College Street has said no to Bahadur Shah Zafar Marg.
In a show of deliberate defiance, Calcutta University (CU) has run its pen through proposals from the University Grants Commission (UGC) that would have allowed it to control reforms on the Calcutta campus from its Delhi office.
After taking on the UGC last week over its role in colleges like Presidency, Maulana Azad, Lady Brabourne, St Xavier’s and Asutosh, CU opened a second front on Thursday night when its Syndicate rejected the commission’s proposal to introduce its Model Act.
“We have reason to believe that the Model Act represents a subtle attempt by the UGC to rob us of our autonomy and also destabilise our traditional role in the affairs of many institutions,” said Suranjan Das, pro vice-chancellor of the university.
Education officials on Friday indicated that the Syndicate’s rejection of the UGC proposal could trigger similar responses from Jadavpur and Rabindra Bharati universities, both enjoying state aid and autonomy, and four others elsewhere in Bengal.
“This is unthinkable. On the one hand, the Centre wants to reduce allocation. On the other, we can see a clear indication through its guidelines that there is an attempt to establish control on all affairs of the university,” said Shyamapada Pal, a member of the Syndicate.
For the past few months, the UGC, apparently at the behest of the Union human resource ministry, has been pushing CU and another 250 state-aided universities across the country to replace the present governing acts with individual Model Acts.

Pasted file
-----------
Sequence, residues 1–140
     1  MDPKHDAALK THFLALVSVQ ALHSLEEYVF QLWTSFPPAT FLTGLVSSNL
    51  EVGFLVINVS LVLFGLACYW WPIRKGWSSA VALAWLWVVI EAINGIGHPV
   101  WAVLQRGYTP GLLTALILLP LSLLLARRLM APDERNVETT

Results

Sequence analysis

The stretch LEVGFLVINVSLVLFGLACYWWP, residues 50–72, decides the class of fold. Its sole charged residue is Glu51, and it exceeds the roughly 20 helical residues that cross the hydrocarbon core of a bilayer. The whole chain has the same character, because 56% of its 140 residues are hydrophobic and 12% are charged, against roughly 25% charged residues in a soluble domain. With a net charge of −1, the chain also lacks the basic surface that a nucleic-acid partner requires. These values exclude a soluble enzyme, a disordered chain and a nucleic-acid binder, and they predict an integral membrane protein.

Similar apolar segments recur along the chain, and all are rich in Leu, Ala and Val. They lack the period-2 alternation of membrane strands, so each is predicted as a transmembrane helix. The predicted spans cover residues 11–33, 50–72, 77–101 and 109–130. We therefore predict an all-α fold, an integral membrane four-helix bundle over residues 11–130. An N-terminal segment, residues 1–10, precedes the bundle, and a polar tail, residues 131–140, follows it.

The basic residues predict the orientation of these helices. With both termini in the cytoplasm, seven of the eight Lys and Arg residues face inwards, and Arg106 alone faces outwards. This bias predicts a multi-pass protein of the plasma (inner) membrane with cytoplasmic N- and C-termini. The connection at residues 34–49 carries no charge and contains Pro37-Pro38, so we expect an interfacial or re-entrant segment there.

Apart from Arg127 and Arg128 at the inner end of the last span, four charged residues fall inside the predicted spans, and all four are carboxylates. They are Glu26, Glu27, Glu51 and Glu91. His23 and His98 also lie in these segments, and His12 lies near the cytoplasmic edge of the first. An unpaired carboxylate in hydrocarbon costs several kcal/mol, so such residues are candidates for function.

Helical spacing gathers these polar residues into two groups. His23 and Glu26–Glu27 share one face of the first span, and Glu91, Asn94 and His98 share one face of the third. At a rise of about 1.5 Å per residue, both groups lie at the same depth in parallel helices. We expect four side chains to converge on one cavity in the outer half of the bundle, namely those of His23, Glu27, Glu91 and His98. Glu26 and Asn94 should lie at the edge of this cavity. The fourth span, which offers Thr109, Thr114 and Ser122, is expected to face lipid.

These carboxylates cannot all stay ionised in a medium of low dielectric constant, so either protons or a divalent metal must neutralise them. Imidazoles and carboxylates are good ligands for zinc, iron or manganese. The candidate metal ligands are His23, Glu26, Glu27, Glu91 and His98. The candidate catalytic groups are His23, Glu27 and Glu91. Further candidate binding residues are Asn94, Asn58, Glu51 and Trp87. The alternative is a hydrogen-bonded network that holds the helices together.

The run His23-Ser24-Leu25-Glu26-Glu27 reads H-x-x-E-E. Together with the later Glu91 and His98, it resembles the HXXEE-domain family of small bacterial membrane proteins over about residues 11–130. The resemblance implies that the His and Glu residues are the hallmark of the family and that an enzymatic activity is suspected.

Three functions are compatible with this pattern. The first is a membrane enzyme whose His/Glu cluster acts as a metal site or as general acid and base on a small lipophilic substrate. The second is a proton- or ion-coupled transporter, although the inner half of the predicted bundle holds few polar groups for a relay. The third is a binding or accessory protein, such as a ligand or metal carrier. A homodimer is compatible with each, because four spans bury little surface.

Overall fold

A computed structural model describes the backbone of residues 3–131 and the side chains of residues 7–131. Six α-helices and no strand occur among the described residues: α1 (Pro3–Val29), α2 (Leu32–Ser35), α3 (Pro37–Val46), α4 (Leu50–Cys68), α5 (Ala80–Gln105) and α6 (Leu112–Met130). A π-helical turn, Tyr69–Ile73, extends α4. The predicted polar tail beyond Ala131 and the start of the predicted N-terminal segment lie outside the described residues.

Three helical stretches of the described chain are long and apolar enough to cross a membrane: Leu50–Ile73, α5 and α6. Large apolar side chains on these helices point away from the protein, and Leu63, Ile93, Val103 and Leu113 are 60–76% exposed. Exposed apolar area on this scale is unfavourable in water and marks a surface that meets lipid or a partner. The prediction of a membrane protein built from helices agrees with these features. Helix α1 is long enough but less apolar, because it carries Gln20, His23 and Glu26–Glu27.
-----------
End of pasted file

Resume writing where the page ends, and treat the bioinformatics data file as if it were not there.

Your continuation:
The stated aim is to facilitate fundamental reforms at these institutions.
“We believe CU and its affiliates are run in a democratic manner. There is no need for us to restructure our present act to go with the UGC’s guidelines. But we are open to suggestions for improvement,” said Das.
In course of Thursday’s five-hour meeting, members of the Syndicate — all known to be hand-picked by the ruling CPM — rubbished the UGC proposal as “nothing but Delhi’s attempt to establish full and direct control” over the internal affairs of the 147-year-old university.
The university’s response is allegedly also fuelled by the fear that the UGC’s Model Act, if adopted, will allow its individual departments and affiliates, like Presidency, St Xavier’s and Lady Brabourne, to bypass CU and deal directly with Delhi.
The guideline in the Model Act that the CU Syndicate found most “unacceptable” was that the university discard the system of elected bodies at all levels of administration.
“This is against the tradition of the university, as we have been following a democratic method,” said Das.
The UGC demand for an all-powerful “visitor” was also slammed by the Syndicate.